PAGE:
24. Movie Menu
Class Introduction12:55 2
Photo Basics04:03 3
Basic Camera Controls03:33 4
Exposure Modes20:29 5
Top Deck Additional Features05:29 6
Exposure Bracketing04:14 7
Exposure Compensation Metering And Flash18:50 8
Live View And Movie Mode23:52 10
Autofocus Area10:16 11
Quick Menu03:48 12
Play Back06:13 13
Memory Cards06:33 14
Left And Right Of Camera Features04:48 15
Bottom And Front Of Camera Features03:23 16
Shooting Menu10:45 18
Lens Aberration Correction04:31 19
Multiple Exposure And Image Type07:06 20
ISO Speed Settings And Noise Reduction10:22 21
Mirror Lockup And Dust Delete Data03:43 22
External Speedlite Control And Anti Flicker06:36 23
AF Method Shutter And Metering04:45 24
Movie Menu11:36 25
AF Menu23:09 26
Playback Menu07:43 27
Setup Menu24:13 28
Custom Functions Menu Part 114:28 29
Custom Functions Menu Part 219:48 30
My Menu05:04 31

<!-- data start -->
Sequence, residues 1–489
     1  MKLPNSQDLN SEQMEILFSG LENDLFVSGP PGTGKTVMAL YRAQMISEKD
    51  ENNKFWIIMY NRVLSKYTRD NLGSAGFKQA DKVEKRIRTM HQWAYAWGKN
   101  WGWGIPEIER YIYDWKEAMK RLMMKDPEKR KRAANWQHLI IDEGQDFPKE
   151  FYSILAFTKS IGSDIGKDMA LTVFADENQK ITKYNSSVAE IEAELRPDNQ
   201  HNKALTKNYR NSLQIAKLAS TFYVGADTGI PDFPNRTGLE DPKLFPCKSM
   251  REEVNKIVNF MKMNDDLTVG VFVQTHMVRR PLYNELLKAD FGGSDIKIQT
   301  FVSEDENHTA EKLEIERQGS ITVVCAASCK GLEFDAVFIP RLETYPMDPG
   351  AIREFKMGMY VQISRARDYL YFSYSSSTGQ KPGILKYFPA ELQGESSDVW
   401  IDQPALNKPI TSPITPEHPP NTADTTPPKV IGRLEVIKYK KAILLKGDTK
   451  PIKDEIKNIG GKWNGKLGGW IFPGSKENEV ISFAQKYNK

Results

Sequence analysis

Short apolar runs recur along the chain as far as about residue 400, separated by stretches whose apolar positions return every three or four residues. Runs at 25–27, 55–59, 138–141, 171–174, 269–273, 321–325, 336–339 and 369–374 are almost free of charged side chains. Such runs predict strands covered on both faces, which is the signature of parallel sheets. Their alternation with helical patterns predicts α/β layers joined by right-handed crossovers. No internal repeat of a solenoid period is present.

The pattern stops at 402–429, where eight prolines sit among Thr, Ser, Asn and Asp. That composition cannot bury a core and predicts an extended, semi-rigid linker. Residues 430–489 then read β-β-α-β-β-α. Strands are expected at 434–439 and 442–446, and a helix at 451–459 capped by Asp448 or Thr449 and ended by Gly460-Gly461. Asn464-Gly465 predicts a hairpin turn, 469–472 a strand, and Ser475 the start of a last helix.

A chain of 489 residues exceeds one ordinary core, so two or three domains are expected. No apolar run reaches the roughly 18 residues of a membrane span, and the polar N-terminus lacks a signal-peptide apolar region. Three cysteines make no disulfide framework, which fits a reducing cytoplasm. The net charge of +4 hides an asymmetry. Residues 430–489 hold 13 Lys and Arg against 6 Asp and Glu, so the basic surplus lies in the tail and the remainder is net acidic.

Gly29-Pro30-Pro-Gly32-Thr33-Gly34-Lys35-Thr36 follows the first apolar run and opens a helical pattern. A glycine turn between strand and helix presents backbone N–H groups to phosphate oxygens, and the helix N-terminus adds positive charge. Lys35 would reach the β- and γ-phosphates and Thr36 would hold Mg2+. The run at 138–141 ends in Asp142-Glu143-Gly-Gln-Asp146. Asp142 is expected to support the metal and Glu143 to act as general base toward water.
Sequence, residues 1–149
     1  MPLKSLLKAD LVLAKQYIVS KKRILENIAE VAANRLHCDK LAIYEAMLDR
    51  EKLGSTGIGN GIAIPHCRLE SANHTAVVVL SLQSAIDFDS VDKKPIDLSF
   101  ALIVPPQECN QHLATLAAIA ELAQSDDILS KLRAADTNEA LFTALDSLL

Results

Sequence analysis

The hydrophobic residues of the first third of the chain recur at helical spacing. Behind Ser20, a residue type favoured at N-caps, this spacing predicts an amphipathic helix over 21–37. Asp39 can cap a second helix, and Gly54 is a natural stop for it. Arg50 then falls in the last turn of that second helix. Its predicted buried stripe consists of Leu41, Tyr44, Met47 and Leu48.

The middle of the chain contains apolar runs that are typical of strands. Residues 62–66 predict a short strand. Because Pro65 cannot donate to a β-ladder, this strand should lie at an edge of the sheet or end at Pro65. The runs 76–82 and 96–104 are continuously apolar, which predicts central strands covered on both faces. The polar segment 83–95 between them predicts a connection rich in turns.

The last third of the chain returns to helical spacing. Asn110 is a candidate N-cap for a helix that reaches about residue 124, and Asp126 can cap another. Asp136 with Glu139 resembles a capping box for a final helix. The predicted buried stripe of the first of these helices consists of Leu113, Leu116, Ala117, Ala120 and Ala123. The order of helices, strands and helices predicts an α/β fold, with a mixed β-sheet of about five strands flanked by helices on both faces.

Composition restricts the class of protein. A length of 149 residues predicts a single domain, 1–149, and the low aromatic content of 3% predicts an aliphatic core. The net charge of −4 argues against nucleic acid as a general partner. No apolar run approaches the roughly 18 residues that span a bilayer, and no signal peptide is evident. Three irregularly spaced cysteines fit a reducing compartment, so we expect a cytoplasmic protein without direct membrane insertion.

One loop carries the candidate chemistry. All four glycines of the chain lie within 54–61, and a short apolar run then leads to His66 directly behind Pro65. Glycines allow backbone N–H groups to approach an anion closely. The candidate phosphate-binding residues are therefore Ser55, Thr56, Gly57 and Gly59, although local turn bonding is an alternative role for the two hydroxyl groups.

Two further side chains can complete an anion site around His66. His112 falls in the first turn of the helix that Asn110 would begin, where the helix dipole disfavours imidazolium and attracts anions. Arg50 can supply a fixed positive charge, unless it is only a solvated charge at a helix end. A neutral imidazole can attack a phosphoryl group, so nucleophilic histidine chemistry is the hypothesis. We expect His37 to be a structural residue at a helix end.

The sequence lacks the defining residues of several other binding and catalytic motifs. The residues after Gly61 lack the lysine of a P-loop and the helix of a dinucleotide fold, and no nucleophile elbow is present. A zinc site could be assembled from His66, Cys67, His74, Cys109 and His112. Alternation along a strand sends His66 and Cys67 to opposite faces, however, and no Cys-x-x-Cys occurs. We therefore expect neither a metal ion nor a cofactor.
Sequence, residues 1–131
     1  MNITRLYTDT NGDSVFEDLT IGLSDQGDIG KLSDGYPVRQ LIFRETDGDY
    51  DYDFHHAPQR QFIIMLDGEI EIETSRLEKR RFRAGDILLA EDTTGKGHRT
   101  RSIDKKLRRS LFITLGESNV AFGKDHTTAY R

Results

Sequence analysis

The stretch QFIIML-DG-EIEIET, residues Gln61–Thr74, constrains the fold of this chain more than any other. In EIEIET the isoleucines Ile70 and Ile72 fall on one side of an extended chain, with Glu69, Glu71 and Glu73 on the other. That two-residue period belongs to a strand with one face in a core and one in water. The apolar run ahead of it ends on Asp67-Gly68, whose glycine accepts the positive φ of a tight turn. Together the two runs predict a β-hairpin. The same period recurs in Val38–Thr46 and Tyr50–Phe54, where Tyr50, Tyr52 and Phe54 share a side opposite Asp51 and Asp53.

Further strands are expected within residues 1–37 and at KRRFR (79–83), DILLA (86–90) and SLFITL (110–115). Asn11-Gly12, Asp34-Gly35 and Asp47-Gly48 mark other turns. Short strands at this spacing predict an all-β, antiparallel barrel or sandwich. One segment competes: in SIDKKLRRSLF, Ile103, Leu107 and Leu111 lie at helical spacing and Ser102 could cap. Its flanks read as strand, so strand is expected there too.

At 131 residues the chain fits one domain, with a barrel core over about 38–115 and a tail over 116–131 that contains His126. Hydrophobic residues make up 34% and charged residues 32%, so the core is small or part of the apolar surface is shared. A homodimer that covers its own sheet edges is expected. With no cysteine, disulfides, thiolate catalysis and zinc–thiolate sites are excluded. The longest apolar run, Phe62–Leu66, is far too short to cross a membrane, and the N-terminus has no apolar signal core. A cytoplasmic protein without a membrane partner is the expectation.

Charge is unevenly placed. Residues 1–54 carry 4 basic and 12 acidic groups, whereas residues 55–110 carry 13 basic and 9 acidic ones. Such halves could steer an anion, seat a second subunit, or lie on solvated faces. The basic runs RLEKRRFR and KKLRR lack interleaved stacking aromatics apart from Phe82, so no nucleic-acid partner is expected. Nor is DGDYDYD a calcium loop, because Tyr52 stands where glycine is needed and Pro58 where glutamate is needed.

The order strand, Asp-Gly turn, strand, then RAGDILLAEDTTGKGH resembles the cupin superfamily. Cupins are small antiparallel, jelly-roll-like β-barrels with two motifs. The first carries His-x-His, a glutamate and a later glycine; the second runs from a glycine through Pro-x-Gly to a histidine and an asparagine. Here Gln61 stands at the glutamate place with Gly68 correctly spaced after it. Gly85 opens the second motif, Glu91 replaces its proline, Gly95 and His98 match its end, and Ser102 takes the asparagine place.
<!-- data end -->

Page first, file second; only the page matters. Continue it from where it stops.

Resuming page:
Alright, now it's time to get into the secret menu options on the camera. In order to do this, you need to flip the camera over to the movie mode. And then hit the menu button, and go to the fourth and fifth tab which now have been changed over from controlling live view features, to controlling movie features. And I'll warn you right now, there's a bunch of things in here, that we just talked about in live view, but they have separate options for changing it, so that when you're in the movie mode, you can have a slightly different setting, than when you do in the live view mode. First off, is the movie servo AF, and this where the camera will constantly focus and move, and will adjust focus for subjects. And I'm gonna do a little demo here, but I need to grab a little subject over here from my prop stand. And set this up here in front of us, I'm gonna put my camera in the movie mode. So I need to go into the menu, work our way over to the movie servo AF. And so, now what's gonna happe...